Pierre Simard, at the time of this interview, was a candidate for the position of artistic director for the Vancouver Island Symphony. The program for the concert he was to conduct was very dramatic and included a performance by Canadian pianist Ian Parker playing "Rhapsody in Blue". It was a sensational evening, and Pierre was successful in his bid for the position. He is loved by audiences for his enthusiasm and passion. He is certainly very dynamic and brings wonderful music and energetic programs that inspire audiences of all ages - creating new music-lovers!

It was a quiet afternoon in the Simard household. When the phone rang, two-month-old Antonin woke from his nap. Pierre Simard, an emotionally charged and engaging young conductor and composer picked up the baby as he answered, and young Antonin lay gurgling and smiling on his knee. “As long as the baby doesn't cry I'm all yours,” said the maestro softly.

While Pierre's wife, soprano Nadya Blanchette, took a nap, young Antonin was in his care. “Antonin is our third child. We already have two daughters so it is a very lively household. The children are not yet into music, and we don't want to push them,” he said. But when Pierre is working on a new program for young audiences, “I ask myself if my 5-year-old would laugh here, or what emotion would inhabit her at this point.”

When he returned to Montreal after completing his Masters Degree in Conducting at the Peabody Institute he was put in charge of creating award-winning shows for youth. “In a very humble and realistic way we are bringing to these audiences the love for music and art; opening their minds. There is more to entertainment than TV and sports. There's a whole heritage out there, and we as artists have the responsibility to introduce youth to it.”

Pierre Simard - Canadian Conductor

Fortunately for Pierre, he has always had music around him. “My parents were club musicians, and my dad played drums. There was no classical music in the house so I became interested in it through the school symphony orchestra."

But while Pierre played oboe he was never satisfied with one instrument. “I wanted to learn about all of them. I got to conduct on occasion and became enamoured with the orchestral sound. From then on I became more and more passionate about music. I have never lost that passion.”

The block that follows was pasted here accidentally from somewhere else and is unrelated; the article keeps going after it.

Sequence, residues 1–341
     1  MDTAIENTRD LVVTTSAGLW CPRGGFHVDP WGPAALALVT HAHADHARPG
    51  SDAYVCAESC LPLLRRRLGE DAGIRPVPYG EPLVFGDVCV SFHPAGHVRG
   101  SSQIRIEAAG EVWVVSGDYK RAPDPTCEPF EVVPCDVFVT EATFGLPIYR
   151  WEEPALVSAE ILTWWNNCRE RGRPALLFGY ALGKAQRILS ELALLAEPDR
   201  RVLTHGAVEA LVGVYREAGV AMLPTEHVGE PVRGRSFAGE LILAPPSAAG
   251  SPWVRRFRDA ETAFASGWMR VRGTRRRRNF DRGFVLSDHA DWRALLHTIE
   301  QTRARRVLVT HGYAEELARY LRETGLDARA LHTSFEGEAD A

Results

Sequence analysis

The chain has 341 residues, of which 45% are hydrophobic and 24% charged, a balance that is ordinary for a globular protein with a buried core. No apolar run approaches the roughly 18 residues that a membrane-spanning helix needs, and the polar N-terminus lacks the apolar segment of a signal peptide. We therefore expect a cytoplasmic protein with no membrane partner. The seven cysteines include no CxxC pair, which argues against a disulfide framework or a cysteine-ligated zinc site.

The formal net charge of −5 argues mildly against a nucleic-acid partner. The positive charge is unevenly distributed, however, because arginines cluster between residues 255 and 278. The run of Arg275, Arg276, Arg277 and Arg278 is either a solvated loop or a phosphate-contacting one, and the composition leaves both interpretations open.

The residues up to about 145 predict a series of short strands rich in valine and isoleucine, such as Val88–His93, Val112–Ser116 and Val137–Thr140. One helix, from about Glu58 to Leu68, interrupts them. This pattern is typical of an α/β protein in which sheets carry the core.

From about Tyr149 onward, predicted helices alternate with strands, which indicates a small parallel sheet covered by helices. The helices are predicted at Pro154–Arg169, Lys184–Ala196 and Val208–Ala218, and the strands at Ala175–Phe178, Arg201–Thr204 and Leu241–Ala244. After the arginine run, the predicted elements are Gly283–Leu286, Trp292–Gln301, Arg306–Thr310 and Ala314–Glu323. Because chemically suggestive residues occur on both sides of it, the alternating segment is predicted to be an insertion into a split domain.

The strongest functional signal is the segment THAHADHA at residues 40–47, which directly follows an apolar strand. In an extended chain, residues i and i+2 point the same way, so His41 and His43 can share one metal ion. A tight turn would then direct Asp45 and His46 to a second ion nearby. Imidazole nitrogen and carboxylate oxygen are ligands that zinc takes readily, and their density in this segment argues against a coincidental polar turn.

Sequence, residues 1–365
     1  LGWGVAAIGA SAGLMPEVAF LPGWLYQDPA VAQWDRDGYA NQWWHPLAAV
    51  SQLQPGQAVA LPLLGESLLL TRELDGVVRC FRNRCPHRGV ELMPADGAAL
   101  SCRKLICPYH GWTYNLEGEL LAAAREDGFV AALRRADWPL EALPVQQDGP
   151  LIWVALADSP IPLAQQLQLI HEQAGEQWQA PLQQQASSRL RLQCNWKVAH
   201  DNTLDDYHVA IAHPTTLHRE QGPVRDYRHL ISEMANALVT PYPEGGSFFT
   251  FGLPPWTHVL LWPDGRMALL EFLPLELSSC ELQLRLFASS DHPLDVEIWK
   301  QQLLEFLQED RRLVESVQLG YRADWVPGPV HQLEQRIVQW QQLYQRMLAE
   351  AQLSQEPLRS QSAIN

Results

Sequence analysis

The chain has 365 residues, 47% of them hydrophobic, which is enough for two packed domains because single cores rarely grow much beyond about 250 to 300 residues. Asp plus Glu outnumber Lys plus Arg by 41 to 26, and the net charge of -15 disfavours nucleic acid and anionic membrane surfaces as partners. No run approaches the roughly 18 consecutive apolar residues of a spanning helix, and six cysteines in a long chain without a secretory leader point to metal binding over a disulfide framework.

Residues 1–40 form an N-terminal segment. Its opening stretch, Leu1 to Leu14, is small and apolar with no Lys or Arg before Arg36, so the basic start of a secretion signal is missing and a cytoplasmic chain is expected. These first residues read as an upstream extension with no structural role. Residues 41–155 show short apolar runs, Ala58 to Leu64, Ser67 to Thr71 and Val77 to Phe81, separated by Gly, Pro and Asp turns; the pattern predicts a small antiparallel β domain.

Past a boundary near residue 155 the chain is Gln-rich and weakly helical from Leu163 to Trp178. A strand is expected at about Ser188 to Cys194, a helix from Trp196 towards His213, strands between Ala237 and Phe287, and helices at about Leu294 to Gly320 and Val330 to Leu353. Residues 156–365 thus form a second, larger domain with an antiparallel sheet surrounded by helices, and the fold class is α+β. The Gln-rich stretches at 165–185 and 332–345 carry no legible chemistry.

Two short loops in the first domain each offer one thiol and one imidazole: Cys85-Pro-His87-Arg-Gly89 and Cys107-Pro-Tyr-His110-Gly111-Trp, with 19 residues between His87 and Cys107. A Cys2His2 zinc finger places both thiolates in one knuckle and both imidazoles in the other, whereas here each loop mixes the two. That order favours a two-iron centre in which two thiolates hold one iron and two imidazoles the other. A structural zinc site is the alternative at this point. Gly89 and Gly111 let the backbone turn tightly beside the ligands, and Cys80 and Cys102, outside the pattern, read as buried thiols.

He has since conducted in France, Belgium, Ukraine, Mariutius and Reunion islands, USA and throughout Canada for highly diversified ensembles in various settings, including large-scale choral and symphonic works, voice and chamber orchestras, and award-winning productions designed for youth. His upcoming conducting appearances will be with orchestras in Milwaukee, Toronto, Ottawa (NAC), Tucson and Hamilton.

Said one reviewer, “Simard knew the music from inside out. In the first half of the program he conducted from memory, giving him the freedom to pay full attention to the myriad details of orchestration and interpretation.”

“I believe in being prepared at all times,” said Pierre. “If you come prepared then you are better able to respond on the spot when a decision needs to be made or when a musician asks a question.”

Pierre also believes in community involvement, inside and outside the concert hall. “I am strongly committed to forging strong links with the listeners, to creating new music-lovers and reinventing the concert experience.”

In recent years, as resident conductor with the Calgary Philharmonic Orchestra (CPO), his role, along with being responsible for the mainstage classical series, pops and special concerts and outreach, has also returned him to youth programs. “I started inventing education shows using the orchestra as the instrument and involving other forms of art, going from Beethoven to Mozart and ending up with Jimi Hendrix. I always bring it back to the importance of music.”

For more information, a formal biography about Pierre Simard and his programs for the 2014-2015 season, visit the Vancouver Island Symphony web site.

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Copyright Rosemary Phillips, Quills Quotes & Notes Enterprises, 2017